Select Committee on Office of the Deputy Prime Minister: Housing, Planning, Local Government and the Regions Third Report

1  Introduction

1. A decent home at an affordable cost is something which everyone has the right to expect, and it is the responsibility of Government to ensure it is available.[1] The number of homes built each year has declined in most of the last 15 years, while the population and the number of households has continued to grow. The Government is seeking to address this mismatch with major proposals to increase the housing supply. We therefore considered it an appropriate time to examine Government's plans.

2. We adopted the following terms of reference for this inquiry:

  • The potential benefits of and scope to promote greater homeownership;
  • The extent to which home purchase tackles social and economic inequalities and reduces poverty;
  • The economic and social impact of current house prices;
  • The relationship between house prices and housing supply;
  • Other factors influencing the affordability of housing for sale, including construction methods and fiscal measures;
  • The scale of the Government's plans to boost housing supply;
  • The relative importance of increasing the supply of private housing as opposed to subsidised housing;
  • How the planning system should respond to the demand for housing for sale;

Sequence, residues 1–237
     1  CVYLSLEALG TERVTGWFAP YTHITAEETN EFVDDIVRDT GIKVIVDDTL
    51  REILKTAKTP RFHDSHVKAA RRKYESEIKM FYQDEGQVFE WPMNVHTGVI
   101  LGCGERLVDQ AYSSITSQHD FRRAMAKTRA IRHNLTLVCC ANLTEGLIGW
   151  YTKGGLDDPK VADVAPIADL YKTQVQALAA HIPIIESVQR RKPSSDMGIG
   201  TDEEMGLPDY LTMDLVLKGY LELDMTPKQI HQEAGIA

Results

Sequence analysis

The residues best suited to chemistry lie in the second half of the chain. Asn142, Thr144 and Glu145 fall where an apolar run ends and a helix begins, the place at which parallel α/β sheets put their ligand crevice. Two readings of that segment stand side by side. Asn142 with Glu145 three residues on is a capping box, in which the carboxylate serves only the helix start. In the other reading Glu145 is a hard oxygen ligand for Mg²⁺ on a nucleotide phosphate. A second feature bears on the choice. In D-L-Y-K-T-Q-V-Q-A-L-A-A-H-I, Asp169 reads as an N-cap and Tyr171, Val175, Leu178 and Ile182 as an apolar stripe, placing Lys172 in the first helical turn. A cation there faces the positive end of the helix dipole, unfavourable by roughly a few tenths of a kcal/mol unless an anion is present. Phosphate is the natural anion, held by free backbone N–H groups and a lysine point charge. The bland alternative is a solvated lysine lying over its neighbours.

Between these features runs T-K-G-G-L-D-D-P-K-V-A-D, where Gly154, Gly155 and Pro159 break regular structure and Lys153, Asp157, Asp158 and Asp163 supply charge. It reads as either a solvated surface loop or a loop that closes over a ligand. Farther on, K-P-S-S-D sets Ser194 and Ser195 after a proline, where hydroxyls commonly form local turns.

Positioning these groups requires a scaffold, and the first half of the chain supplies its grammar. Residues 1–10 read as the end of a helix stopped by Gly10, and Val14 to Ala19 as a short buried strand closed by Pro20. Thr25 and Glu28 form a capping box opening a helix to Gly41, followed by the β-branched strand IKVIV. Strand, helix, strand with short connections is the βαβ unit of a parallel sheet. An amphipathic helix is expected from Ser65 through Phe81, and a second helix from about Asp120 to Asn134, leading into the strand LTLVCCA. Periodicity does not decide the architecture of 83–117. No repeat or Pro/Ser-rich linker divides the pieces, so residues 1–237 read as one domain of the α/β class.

• The scale of housing development required to influence house prices and the impact of promoting such a programme on the natural and historical environment and infrastructure provision, and
  • The regional disparities in the supply and demand for housing and how they might be tackled.

3. We received 101 submissions and held four evidence sessions. We would like to thank our specialist advisers, Christine Whitehead, Professor of Housing at the London School of Economics, and Richard Bate from the consultancy Green Balance, for their guidance and assistance and all those who made written submissions or gave oral evidence to this inquiry.

4. There are many definitions of affordable housing. In this report we define it as subsidised housing that meets the needs of those who cannot afford secure decent housing on the open market either to rent or buy. Social rented housing is defined as housing which is provided for rent by a local authority, a housing association or another not-for-profit organisation. Intermediate tenures are homes bought as part of a shared ownership or equity share scheme, whereby the purchaser (at least initially) buys a proportion of the equity in a home, while the remaining share is owned by a housing association or other agency.

5. As well as examining the amount of new house-building required we have also considered

  • Housing needed to meet housing requirements and aspirations;
  • How the house-building programme can be linked with urban regeneration, and
  • How the development process should be managed to ensure infrastructure is provided and the negative environmental impact is minimised.

1   This right was enshrined in the UN Declaration on Human Settlement, 1976. Back

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